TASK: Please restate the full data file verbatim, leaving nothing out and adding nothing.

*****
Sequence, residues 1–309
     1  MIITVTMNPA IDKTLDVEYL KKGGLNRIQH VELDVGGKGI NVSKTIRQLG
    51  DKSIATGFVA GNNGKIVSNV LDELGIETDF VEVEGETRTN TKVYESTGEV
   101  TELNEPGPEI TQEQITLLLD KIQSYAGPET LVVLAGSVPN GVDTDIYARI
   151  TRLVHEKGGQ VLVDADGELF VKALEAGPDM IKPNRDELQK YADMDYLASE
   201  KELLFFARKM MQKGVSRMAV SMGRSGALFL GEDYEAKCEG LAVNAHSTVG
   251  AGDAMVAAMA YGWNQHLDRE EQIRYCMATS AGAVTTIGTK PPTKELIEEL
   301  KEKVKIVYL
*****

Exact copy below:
Sequence, residues 1–309
     1  MIITVTMNPA IDKTLDVEYL KKGGLNRIQH VELDVGGKGI NVSKTIRQLG
    51  DKSIATGFVA GNNGKIVSNV LDELGIETDF VEVEGETRTN TKVYESTGEV
   101  TELNEPGPEI TQEQITLLLD KIQSYAGPET LVVLAGSVPN GVDTDIYARI
   151  TRLVHEKGGQ VLVDADGELF VKALEAGPDM IKPNRDELQK YADMDYLASE
   201  KELLFFARKM MQKGVSRMAV SMGRSGALFL GEDYEAKCEG LAVNAHSTVG
   251  AGDAMVAAMA YGWNQHLDRE EQIRYCMATS AGAVTTIGTK PPTKELIEEL
   301  KEKVKIVYL